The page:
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Transcriptome and histopathological changes in mouse brain infected with Neospora caninum.

Nishimura M, Tanaka S, Ihara F, Muroi Y, Yamagishi J, Furuoka H, Suzuki Y, Nishikawa Y - Sci Rep (2015)

Bottom Line: A GOstat analysis predicted that the upregulated genes were involved in the host immune response.Genes whose expression correlated positively and negatively with parasite numbers were involved in the host immune response, and neuronal morphogenesis and lipid metabolic processes, respectively.These results suggest that changes in the gene expression profile associated with neuronal functions as well as immune responses can contribute to the pathogenesis in N. caninum-infected animals.

View Article: PubMed Central - PubMed

Affiliation: National Research Center for Protozoan Diseases, Obihiro University of Agriculture and Veterinary Medicine, Inada-cho, Obihiro, Hokkaido, Japan.

ABSTRACT
Neospora caninum is a protozoan parasite that causes neurological disorders in dogs and cattle. It can cause nonsuppurative meningoencephalitis and a variety of neuronal symptoms are observed, particularly in dogs. However, the pathogenic mechanism, including the relationship between the parasite distribution and the clinical signs, is unclear. In this study, to understand the pathogenic mechanism of neosporosis, parasite distribution and lesions were assessed in the brain of mice infected with N. caninum (strain Nc-1). Host gene expression was also analyzed with RNA sequencing (RNA-Seq). The histopathological lesions in the frontal lobe and the medulla oblongata were significantly more severe in symptomatic mice than in asymptomatic mice, although no association between the severity of the lesions and parasite numbers was found. In infected mice, the expression of 772 mouse brain genes was upregulated. A GOstat analysis predicted that the upregulated genes were involved in the host immune response. Genes whose expression correlated positively and negatively with parasite numbers were involved in the host immune response, and neuronal morphogenesis and lipid metabolic processes, respectively. These results suggest that changes in the gene expression profile associated with neuronal functions as well as immune responses can contribute to the pathogenesis in N. caninum-infected animals.

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Histopathological lesions and parasite distributions in different areas of N. caninum-infected mouse brains.(A–D) Histopathological lesions in mouse brains infected with N. caninum (n = 17). To estimate the severity of the histopathological lesions, the lesions were scored as follows: (A) localized perivascular cuff (score 1), (B) local gliosis (score 2), (C) focal necrosis with moderate inflammatory cell infiltration (score 3), and (D) severe glial cell and macrophage infiltration, and rarefaction of the neuropil in extensive necrotic foci (score 4). (E) The total pathological scores for different mouse brain areas were determined as described in the Materials and Methods (ten symptomatic and seven asymptomatic mice). *p < 0.05 and **p < 0.01 (unpaired Student's t-test). (F) After DNA extraction from N. caninum-infected mouse brain samples (four symptomatic and two asymptomatic mice) and paraffin-embedded brain tissues, including the medulla oblongata and cerebellum (ten symptomatic and seven asymptomatic mice), parasite numbers were quantified by real-time PCR using primers specific for the N. caninum Nc5 gene.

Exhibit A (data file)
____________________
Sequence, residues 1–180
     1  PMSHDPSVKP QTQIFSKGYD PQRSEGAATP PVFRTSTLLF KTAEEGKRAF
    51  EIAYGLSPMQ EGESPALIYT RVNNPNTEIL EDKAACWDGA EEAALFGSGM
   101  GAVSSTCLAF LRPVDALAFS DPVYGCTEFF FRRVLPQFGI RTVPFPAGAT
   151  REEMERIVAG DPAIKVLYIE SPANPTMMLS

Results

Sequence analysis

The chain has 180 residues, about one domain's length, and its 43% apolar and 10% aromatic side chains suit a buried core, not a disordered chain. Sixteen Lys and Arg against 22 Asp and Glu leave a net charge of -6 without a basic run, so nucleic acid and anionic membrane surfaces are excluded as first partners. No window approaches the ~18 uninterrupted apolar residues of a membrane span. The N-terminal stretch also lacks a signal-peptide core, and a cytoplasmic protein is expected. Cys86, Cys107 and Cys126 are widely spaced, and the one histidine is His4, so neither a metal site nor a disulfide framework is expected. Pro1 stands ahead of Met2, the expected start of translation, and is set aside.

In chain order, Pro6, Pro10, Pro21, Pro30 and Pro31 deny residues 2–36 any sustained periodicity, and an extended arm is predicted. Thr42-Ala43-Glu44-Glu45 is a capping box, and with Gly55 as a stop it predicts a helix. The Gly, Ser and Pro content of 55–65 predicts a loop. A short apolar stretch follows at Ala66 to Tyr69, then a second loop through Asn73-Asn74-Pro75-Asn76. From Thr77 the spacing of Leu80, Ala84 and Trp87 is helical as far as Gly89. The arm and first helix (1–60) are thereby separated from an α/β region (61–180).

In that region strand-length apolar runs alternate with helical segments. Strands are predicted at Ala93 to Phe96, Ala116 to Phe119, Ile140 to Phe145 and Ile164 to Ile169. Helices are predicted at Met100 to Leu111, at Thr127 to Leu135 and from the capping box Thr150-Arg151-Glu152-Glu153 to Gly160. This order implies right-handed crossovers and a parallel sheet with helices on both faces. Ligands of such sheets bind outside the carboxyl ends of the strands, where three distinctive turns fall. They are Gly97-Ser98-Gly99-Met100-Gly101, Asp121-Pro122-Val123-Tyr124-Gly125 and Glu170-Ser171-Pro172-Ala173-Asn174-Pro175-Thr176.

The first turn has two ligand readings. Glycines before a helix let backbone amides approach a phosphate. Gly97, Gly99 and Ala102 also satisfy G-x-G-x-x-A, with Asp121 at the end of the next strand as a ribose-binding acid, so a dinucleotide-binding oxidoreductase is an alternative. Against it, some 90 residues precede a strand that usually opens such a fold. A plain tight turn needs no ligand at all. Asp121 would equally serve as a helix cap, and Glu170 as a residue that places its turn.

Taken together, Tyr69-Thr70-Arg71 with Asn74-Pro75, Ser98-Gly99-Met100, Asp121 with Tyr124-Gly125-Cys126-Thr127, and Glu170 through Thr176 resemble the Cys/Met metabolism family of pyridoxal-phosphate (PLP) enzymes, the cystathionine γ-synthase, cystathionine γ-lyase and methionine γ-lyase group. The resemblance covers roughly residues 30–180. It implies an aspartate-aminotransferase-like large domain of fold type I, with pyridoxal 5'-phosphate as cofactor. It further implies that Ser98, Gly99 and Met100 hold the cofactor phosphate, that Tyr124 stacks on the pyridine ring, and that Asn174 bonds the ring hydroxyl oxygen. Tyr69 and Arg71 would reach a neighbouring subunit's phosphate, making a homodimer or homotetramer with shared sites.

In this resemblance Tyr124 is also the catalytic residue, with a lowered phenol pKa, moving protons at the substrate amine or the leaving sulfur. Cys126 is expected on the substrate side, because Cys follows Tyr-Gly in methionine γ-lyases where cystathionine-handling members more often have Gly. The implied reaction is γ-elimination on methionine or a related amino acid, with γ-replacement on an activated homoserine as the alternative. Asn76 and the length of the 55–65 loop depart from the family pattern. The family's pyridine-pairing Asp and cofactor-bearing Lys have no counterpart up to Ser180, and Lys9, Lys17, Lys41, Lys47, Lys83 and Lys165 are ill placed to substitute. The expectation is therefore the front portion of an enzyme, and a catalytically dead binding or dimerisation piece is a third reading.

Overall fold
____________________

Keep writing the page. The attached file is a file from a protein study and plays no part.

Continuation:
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f2: Histopathological lesions and parasite distributions in different areas of N. caninum-infected mouse brains.(A–D) Histopathological lesions in mouse brains infected with N. caninum (n = 17). To estimate the severity of the histopathological lesions, the lesions were scored as follows: (A) localized perivascular cuff (score 1), (B) local gliosis (score 2), (C) focal necrosis with moderate inflammatory cell infiltration (score 3), and (D) severe glial cell and macrophage infiltration, and rarefaction of the neuropil in extensive necrotic foci (score 4). (E) The total pathological scores for different mouse brain areas were determined as described in the Materials and Methods (ten symptomatic and seven asymptomatic mice). *p < 0.05 and **p < 0.01 (unpaired Student's t-test). (F) After DNA extraction from N. caninum-infected mouse brain samples (four symptomatic and two asymptomatic mice) and paraffin-embedded brain tissues, including the medulla oblongata and cerebellum (ten symptomatic and seven asymptomatic mice), parasite numbers were quantified by real-time PCR using primers specific for the N. caninum Nc5 gene.

Mentions: Pathological severity was evaluated in 17 mice, and 10 of the 17 mice showed clinical signs of neosporosis including febrile responses and leg paralysis 39 days after infection (See Figure 1A). Seven of 10 symptomatic mice showed neurological signs, including circling motion, head tilting, and leg paralysis. We analyzed the nine area of brain histopathologically and for the quantification of parasite load. Histopathological lesions, including perivascular cuff, mononuclear cellular meningitis, glial cell activation, and focal necrosis, were observed in the brains of all 17 mice, which are similar to the lesions found in dogs891415. Each focal lesion was scored for severity using a scale from 1 to 4 (See Figure 2A–D). The total pathological scores for all areas in the brain are shown in Figure 2E. The total scores for the frontal lobe and medulla oblongata were significantly higher in the symptomatic mice than in the asymptomatic mice. Although there were no significant differences between the symptomatic and asymptomatic mice in the cerebellum, two symptomatic mice showed very high scores.